In general, the military system would do well to institute reforms to achieve closer compliance with current civilian clinical practices. These are spelled out in the Clinical Practice Guideline for Management of Substance Use Disorders which was developed jointly with the DoD and the VA. The IOM detailed what needed to be changed to adhere more closely to the Guideline.

The DoD is taking the IOM report seriously and has issued a separate report with a point-by-point discussion of its plans in response to the IOM recommendations.

One hopeful sign is that in the fall of 2013 the DoD issued new regulations, agreeing with one forceful IOM recommendation, to remove a decades long policy restricting TRICARE insurance coverage of pharmacotherapy (methadone, buprenorphine) for opioid maintenance treatment.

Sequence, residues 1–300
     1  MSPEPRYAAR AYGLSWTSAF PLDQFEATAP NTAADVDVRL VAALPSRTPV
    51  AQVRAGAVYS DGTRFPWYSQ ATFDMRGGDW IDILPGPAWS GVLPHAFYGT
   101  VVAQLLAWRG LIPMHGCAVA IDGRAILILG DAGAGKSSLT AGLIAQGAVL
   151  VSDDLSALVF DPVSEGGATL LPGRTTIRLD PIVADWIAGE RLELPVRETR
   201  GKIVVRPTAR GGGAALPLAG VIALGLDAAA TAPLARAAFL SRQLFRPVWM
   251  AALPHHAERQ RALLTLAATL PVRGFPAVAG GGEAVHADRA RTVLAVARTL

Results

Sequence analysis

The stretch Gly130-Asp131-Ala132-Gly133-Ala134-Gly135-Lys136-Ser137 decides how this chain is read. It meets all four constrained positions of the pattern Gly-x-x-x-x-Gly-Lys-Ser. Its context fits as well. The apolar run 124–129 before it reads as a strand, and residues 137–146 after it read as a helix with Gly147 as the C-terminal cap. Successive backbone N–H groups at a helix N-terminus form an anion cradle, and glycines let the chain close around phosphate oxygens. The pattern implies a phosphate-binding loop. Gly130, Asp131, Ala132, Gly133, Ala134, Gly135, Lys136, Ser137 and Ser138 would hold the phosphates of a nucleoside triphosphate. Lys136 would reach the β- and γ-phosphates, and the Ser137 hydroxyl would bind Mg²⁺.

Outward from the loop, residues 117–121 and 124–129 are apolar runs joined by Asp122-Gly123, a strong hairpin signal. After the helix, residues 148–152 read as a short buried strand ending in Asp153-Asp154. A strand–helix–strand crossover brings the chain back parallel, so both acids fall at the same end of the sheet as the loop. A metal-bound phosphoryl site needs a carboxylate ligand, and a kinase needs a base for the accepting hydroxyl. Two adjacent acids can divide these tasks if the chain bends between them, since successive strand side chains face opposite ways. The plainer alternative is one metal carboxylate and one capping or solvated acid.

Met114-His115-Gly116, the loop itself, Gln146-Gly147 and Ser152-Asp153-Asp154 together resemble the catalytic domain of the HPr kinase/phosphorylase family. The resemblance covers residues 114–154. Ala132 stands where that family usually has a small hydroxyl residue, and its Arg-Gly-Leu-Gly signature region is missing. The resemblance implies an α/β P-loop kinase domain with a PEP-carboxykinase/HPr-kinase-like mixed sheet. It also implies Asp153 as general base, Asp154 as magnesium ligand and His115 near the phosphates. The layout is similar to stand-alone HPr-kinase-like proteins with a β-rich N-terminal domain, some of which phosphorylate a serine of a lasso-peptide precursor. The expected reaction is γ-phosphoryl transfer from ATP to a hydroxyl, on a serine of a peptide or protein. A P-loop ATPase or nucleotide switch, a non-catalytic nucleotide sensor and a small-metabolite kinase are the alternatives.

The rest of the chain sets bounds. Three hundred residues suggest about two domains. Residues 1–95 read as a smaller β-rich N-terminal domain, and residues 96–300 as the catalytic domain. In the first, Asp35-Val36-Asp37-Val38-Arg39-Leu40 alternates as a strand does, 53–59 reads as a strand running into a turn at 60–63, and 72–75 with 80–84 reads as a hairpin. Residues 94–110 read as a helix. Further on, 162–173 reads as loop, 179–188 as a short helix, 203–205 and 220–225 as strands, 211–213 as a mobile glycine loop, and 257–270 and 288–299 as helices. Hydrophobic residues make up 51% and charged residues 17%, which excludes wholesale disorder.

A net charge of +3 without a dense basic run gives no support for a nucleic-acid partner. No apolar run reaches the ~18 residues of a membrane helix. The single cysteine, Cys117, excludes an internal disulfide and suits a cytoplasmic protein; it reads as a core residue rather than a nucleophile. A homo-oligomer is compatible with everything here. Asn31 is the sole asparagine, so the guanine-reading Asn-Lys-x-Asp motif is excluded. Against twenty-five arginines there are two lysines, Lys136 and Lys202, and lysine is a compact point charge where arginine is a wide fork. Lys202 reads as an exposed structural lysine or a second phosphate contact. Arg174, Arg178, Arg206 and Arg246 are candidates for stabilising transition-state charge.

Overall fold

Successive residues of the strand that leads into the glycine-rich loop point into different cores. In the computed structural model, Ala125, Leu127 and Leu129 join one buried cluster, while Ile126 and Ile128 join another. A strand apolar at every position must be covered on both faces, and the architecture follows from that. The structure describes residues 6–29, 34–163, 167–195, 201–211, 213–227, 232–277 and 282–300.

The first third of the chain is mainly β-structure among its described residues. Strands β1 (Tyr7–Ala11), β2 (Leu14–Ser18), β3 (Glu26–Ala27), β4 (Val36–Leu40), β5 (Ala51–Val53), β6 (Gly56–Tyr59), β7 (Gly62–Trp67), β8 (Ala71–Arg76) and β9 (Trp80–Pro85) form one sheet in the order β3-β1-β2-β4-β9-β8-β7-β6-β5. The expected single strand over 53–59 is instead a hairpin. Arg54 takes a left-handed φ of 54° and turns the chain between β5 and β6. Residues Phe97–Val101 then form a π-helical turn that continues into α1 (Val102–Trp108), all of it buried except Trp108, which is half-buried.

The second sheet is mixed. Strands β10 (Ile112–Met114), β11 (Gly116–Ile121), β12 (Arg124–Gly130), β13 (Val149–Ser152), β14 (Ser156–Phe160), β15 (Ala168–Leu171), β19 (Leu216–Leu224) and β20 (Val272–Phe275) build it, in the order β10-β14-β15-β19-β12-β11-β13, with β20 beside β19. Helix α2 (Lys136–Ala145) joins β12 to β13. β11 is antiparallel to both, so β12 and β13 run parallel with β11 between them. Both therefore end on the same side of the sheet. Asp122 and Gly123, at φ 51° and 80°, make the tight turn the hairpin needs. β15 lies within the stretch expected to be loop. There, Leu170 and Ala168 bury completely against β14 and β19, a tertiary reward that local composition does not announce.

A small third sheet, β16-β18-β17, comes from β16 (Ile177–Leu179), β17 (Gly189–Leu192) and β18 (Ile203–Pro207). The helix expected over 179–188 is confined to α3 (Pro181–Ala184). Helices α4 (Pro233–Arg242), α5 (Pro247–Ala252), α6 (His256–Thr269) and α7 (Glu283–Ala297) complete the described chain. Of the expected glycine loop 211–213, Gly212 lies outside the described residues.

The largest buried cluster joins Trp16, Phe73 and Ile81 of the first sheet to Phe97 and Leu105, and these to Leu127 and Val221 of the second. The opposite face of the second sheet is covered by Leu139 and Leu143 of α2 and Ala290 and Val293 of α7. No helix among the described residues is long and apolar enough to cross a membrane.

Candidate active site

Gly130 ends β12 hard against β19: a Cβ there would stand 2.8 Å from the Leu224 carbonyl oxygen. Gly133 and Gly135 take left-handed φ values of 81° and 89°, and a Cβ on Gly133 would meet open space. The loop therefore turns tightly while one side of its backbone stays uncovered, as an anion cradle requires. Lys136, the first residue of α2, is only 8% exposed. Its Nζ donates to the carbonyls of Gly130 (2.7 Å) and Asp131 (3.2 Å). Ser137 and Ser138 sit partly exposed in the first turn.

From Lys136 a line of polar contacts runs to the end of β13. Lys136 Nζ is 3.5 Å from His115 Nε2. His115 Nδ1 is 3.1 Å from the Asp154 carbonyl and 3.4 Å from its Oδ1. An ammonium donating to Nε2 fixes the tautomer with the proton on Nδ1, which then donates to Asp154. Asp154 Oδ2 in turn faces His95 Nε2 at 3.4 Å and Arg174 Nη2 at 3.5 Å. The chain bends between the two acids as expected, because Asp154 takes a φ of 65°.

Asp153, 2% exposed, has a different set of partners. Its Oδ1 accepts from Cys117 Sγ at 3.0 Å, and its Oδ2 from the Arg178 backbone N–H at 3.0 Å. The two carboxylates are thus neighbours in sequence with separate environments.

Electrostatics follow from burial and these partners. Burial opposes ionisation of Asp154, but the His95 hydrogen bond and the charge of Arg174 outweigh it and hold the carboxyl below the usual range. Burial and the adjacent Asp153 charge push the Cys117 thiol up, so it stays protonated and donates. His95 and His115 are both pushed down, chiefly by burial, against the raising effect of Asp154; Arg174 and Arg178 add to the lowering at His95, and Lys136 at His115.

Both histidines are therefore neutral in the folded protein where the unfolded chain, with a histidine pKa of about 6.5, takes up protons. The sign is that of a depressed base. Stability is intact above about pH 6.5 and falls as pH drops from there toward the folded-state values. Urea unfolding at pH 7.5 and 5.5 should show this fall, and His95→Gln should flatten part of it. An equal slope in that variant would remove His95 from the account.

The military leadership has acknowledged that SUD problems can be prevented and they can be treated when detected early addressed with interventions that allow some degree of confidentiality and are delivered in a consistent evidence based way. The proof of progress awaits the implementation of reforms.

David C. Lewis, MD
Professor Emeritus of Community Health and Medicine
Donald G. Millar Distinguished Professor Emeritus of Alcohol and Addiction
Brown University
Center for Alcohol and Addiction Studies

Denver County Jail Substance Abuse Treatment Program Uses Peer Recovery Model
By Join Together Staff | January 22, 2014 | 3 Comments | Filed in Alcohol,Community Related, Drugs, Recovery & Treatment